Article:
Image Credit: Scott Beyer

Should Global South Megacities Be Decentralized?

Planners in Indonesia and other Third World countries are making sprawling, autocentric plans to supplant their dense cities—repeating America’s past mistakes.

Jakarta is among the densest cities on earth, rivaling other megacities like Tokyo and Hong Kong. The region is set to further grow, even while facing an impending crisis of sinking as a city. 40% of Jakarta’s population lives below sea level, there is frequent flooding and unsanitary water, along with traffic and crime. Government leaders are thus shifting the capital to a different island, invoking a decentralization strategy that I’m finding across the Third World, as developing countries wish to disperse their population like the U.S. once did.

In 2019, Indonesia’s government announced a plan to relocate the capital to a new city, Nusantara. The city, to be built in a remote area of a different island, will accommodate 10 million residents, and planners believe it will prove more sustainable than Jakarta. Indonesia has developed new population centers for some time, called “new towns.” In many cases, these resemble America’s postwar development patterns, decreasing residential and employment density and pushing people further from the core.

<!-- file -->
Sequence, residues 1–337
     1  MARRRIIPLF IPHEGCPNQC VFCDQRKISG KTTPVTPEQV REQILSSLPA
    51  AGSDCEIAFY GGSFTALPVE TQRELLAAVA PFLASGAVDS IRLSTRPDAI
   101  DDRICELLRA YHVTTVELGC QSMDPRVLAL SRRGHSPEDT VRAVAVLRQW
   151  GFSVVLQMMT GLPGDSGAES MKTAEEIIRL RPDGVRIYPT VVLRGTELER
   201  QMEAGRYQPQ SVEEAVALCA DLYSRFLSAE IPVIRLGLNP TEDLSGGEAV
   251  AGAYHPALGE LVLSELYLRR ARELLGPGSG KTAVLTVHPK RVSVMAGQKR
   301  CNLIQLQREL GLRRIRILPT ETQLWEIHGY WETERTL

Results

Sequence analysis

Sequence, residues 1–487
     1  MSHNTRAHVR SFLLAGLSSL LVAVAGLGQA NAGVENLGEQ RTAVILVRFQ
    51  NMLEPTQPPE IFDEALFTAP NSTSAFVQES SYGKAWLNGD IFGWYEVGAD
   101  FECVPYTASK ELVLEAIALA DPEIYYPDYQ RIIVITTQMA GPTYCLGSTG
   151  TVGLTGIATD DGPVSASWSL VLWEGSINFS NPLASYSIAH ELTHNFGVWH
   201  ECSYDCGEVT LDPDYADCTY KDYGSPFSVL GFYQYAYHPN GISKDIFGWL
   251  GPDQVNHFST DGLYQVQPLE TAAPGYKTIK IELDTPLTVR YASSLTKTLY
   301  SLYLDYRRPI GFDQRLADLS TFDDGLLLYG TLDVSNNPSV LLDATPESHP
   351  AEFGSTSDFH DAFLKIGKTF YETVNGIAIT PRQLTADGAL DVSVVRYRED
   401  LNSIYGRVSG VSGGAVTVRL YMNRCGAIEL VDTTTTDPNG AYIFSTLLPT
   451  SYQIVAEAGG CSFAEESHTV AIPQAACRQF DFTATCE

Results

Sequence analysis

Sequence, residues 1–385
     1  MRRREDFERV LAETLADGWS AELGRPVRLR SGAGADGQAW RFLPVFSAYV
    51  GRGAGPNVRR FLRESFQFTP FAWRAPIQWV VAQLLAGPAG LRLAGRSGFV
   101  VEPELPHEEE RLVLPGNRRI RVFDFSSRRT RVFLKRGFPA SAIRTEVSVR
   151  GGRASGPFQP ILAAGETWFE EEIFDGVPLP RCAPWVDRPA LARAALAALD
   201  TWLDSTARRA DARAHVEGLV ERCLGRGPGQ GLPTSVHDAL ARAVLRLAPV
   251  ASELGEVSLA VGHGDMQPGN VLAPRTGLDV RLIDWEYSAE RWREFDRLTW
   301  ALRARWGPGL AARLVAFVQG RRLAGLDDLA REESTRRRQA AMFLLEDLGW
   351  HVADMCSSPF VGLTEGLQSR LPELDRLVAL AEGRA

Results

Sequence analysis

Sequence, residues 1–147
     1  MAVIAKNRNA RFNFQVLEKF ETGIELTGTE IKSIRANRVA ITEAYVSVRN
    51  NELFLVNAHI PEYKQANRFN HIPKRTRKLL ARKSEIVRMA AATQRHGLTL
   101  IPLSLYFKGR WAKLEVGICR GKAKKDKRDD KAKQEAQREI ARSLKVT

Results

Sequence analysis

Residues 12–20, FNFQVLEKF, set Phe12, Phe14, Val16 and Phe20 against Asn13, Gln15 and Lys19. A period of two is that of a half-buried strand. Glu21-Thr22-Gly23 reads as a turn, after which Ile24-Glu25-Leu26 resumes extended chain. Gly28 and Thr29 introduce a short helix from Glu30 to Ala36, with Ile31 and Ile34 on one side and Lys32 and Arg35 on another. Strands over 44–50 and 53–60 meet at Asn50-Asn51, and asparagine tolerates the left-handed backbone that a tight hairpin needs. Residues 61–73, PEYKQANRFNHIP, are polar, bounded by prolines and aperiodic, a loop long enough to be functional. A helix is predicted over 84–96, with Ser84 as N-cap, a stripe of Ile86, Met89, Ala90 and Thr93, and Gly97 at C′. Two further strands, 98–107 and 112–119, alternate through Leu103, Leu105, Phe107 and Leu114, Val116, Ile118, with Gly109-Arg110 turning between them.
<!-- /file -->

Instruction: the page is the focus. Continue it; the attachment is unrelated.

Jakarta has experienced immense growth, as have other Indonesian cities. According to National Geographic, they’re slated to grow 75% by 2030, and account for around 60% of GDP. But the wrinkle is that this growth often happens in the outlying parts of major cities. 

Wendell Cox observes that Jakarta suburbs outpaced growth in the city beginning in the 1970s. While the city retained its high density (housing 20% of Indonesians on 12% of the country’s land area), Cox wrote, “the overall density of the Jakarta urban area has declined as population has moved to the outer suburbs…The inner suburbs have a population density that is only two thirds that of the city of Jakarta.” 

Previously agricultural land was redeveloped into subdivisions (causing displacement of farmers), with over 30 new communities built from 1990 to 2010. I observed several such projects, including PIK 2, a bayside land reclamation effort that is being promoted by real estate as a new city north of Jakarta.